Health Secretary Andy Burnham: 'The vast majority... have shown mild symptoms'
Tens of thousands of cases of swine flu could be emerging each week by the autumn, the chief medical officer says.
Sir Liam Donaldson said the most likely scenario was that the UK would see a surge of cases from the current levels.
Over 3,700 cases have been confirmed so far, and the government has already paved the way for some areas to move away from trying to contain the virus.
Glasgow, London and the West Midlands have been identified as the areas with the most rapid spread.
To date, local health officials have been attempting to put a ring around the outbreaks by tracing the people with whom confirmed cases have come into contact and giving them drugs to try to prevent flu developing.
We still think we are heading for a larger surge of cases in the autumn and winter
Sir Liam Donaldson, Chief Medical Officer
This approach has also involved the closure of several schools.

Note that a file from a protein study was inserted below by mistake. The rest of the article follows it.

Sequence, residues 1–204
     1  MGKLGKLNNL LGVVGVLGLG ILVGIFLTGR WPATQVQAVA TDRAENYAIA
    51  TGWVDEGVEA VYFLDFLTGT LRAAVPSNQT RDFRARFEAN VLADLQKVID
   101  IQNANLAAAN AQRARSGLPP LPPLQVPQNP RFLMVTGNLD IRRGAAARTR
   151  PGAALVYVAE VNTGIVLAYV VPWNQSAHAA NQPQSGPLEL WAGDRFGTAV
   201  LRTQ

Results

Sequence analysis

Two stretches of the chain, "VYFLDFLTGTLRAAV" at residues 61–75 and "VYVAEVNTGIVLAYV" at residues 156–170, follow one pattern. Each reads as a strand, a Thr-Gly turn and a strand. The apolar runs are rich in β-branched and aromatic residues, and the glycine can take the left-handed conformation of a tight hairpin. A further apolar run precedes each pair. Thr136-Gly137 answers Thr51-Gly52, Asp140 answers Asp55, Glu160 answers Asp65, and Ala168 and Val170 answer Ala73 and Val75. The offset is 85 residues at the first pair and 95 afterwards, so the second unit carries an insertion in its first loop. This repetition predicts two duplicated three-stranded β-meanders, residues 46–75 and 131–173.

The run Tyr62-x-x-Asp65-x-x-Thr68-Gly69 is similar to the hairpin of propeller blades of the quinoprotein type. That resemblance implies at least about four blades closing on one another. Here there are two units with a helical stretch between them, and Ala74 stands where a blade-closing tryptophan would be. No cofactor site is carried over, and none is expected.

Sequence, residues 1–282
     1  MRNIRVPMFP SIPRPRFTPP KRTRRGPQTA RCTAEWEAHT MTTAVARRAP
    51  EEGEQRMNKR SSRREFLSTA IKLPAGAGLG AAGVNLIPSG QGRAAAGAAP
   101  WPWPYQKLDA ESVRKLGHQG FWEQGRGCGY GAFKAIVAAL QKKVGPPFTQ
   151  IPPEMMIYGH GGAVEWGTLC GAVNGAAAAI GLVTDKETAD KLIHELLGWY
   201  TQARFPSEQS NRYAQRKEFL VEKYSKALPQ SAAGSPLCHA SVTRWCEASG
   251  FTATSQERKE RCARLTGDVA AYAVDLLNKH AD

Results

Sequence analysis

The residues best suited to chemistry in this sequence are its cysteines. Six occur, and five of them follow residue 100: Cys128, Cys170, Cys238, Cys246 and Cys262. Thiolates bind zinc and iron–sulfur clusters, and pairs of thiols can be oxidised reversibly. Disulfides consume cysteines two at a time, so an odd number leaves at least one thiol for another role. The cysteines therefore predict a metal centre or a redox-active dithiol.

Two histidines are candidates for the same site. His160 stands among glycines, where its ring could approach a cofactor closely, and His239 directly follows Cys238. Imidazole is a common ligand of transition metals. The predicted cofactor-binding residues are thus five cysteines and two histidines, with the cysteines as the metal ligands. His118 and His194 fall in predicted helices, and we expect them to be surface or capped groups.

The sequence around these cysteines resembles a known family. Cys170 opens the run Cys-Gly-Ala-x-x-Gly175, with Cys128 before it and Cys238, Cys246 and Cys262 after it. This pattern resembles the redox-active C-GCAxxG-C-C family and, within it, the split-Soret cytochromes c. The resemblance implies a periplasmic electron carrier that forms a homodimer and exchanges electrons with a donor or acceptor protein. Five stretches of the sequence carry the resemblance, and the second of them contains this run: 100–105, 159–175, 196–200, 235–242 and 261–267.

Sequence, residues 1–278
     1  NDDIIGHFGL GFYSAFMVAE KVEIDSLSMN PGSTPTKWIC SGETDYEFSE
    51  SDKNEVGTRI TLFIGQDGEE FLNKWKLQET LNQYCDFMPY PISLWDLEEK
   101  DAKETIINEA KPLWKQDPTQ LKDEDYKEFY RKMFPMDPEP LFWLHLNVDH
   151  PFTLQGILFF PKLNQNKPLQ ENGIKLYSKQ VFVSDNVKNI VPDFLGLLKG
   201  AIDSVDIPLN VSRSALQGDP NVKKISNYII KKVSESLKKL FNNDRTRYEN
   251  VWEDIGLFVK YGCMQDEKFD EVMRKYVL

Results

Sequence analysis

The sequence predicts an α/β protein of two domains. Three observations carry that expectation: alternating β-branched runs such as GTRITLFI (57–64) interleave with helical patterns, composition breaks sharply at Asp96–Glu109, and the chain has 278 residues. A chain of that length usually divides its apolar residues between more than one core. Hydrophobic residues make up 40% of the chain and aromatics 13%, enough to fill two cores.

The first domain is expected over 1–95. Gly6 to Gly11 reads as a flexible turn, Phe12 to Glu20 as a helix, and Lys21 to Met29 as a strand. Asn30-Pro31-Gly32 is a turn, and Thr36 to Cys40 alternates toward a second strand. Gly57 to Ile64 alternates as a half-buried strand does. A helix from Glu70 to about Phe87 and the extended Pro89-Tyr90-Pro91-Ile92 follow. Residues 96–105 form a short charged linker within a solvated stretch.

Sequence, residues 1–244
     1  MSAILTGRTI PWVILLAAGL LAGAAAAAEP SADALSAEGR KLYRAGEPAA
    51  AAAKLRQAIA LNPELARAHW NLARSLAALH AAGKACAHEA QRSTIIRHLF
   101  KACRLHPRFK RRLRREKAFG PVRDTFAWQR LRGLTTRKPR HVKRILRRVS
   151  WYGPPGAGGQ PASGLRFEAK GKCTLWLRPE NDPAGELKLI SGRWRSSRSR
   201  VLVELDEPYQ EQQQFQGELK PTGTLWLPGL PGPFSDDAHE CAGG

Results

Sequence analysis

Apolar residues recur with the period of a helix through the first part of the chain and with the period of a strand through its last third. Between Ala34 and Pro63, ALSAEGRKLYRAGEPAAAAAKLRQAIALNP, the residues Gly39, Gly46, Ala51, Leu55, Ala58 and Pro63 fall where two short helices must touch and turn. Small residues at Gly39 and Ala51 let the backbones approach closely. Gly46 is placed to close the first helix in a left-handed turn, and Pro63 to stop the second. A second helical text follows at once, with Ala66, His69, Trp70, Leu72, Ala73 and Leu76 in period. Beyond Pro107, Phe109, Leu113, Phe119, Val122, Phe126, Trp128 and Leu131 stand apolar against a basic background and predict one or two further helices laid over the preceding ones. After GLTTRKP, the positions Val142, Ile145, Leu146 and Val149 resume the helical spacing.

But Sir Liam said certain areas were seeing rapid community spread which meant this was not now practical.
In these areas, anti-viral drugs may in the future only be given to those people showing symptoms, while the tracing of contacts will stop.
However, he said this pattern was not emerging everywhere, with some parts of the UK - Wales and Northern Ireland in particular - hardly seeing any cases.
He said the contingency plans always envisaged the containment phase would not last indefinitely.
Sir Liam said: "We still think we are heading for a larger surge of cases in the autumn and winter.
"Although it still remains a fairly mild virus and in most places is only spreading gradually."
It also seems likely the UK will receive the first batches of vaccines slightly earlier than normal.
Sir Liam said it may be available from August rather than the autumn as first expected.
The government has contracts with two manufacturers for 132m doses - enough for the whole population.
Sir Liam acknowledged that they would not get all the jabs in one go, but added this did not necessarily matter.
"In all previous pandemics excess mortality has occurred for three years after the new virus emerges. It is not just a consideration for this winter."
Shadow Health Secretary Andrew Lansley said: "We are now moving into a new phase of more community transmission. While we have supported the strategy to date, the government needs to provide more clarity on some key issues."
In particular, he highlighted school closures, the distribution of anti-virals and the vaccination programme.
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